This week, my students are trying to write their names in Katakana. As I was helping one student write his name, I asked him “have you thought about your name – how it sounds before?” He laughed as he had never thought about it. What Japanese native speakers hear is very different from what non-native speakers hear.
Take my name for example (例えば). My name is Eriko. Simple to pronounce (発音する). BUT… unintentionally, I was given a new name by friendly strangers. When I meet a stranger, I introduce myself, “my name is Eriko.” The stranger usually says “Oh, Erika.” I said “It’s Eriko. E-R-I-K-O. With O.” “Oh, OK. Erika.” After about 2nd try, I usually give up (あきらめる).
This happens all the time in Japan, too. I was stunned to hear a Japanese news anchor say, “Kurt Coburn of Nirvana.” What? She meant “Kurt Cobain?” The anchor was not the only one. Everyone on TV, except for those who host music programs, says Kurt Coburn. Where did the R sound come from? koʊbərn vs kəʊˈbeɪn.
I had a theory on this. There was a popular actor named James Coburn in the 70s. So maybe somebody who remembered the actor unintentionally (無意識に) called Kurt Cobain as Coburn as the names looked like each other and the name Coburn was more familiar.
There is also the opposite of the Kurt Cobain case. Uma Thurman, an American actress, is called Yuma in Japan. Her name, Uma, came from dbu ma chen po, a Tibetian Buddhism idea according to Wiki, and her name is pronounced as /umə/. Why is she called Yuma only in Japan?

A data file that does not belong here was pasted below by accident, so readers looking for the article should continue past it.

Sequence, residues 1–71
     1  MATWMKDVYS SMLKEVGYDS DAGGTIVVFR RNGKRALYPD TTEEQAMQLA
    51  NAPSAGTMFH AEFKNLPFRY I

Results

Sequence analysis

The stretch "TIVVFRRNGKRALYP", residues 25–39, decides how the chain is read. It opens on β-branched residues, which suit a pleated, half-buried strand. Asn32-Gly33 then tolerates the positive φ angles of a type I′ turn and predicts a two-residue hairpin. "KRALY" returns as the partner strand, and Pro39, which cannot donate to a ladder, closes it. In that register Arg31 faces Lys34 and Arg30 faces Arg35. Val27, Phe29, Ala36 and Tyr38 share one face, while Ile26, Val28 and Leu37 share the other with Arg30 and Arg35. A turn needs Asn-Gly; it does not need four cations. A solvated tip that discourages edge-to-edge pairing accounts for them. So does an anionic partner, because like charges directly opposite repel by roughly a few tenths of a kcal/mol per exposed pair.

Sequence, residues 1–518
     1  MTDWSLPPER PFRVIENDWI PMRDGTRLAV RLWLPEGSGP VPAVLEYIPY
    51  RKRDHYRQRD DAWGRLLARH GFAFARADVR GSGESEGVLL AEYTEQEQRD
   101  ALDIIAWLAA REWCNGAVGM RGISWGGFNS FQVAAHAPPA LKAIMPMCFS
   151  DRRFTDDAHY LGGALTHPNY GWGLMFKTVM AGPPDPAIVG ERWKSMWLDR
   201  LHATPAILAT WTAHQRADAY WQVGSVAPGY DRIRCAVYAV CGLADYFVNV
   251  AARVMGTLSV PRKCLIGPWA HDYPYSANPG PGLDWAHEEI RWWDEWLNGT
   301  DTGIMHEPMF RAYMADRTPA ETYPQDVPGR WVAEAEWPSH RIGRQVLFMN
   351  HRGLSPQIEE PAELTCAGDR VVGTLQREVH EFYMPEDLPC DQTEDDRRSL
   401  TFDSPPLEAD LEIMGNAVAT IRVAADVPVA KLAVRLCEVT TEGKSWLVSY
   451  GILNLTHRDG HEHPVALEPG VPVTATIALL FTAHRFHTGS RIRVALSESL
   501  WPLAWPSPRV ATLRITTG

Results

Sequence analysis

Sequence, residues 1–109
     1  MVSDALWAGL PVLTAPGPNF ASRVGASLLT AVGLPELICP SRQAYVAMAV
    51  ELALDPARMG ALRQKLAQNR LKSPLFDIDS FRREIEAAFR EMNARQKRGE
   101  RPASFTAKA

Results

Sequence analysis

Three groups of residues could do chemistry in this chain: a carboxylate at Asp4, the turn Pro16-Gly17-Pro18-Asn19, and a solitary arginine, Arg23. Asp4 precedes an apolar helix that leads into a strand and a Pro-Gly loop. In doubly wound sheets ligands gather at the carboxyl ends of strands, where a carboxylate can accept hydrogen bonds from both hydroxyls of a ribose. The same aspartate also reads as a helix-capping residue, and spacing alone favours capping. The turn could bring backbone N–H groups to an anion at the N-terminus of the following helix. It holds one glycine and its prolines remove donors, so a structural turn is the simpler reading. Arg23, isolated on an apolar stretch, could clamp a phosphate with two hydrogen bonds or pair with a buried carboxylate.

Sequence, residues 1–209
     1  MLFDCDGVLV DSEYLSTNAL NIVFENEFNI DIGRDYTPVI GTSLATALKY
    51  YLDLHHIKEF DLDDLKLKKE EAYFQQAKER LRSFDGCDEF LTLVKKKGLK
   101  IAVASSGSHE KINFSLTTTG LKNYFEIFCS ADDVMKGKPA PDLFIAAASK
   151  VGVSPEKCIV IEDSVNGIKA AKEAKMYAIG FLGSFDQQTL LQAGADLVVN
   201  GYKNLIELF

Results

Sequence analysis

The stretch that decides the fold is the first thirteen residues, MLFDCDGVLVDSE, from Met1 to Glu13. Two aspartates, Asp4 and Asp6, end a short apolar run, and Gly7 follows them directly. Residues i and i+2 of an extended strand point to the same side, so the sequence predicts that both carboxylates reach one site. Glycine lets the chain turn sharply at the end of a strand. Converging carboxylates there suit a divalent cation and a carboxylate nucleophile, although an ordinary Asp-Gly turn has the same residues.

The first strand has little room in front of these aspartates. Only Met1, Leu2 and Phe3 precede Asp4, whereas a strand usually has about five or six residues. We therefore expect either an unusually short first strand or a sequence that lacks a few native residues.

Again, I have a theory on this. Uma in Japanese is a horse. So someone decided to use Yuma instead of her real name. But can someone change your name from Uma to Yuma? I would have been so insulted (侮辱する).
Finally, the most enjoyable name change in Japan goes to Matthew McConoughey. Japanese pronounce his last name as McConoughee. I have no idea why. But you cannot help but (〜しないではいられない) get some chuckles out of American friends when they hear it.
Your name is your identity (アイデンティティ). Well, that was what I thought! It is quite OK for you to insist on your foreign friends and acquaintances to call you in the right name. But some names are difficult to pronounce such as Ryosuke or Arlyn. So relax and learn to enjoy your new name on the Starbucks cup as many people do. It is regarded as a special “service” in Japanese Starbucks. I cannot be responsible for (責任ある、責任を取る) what your name will become.
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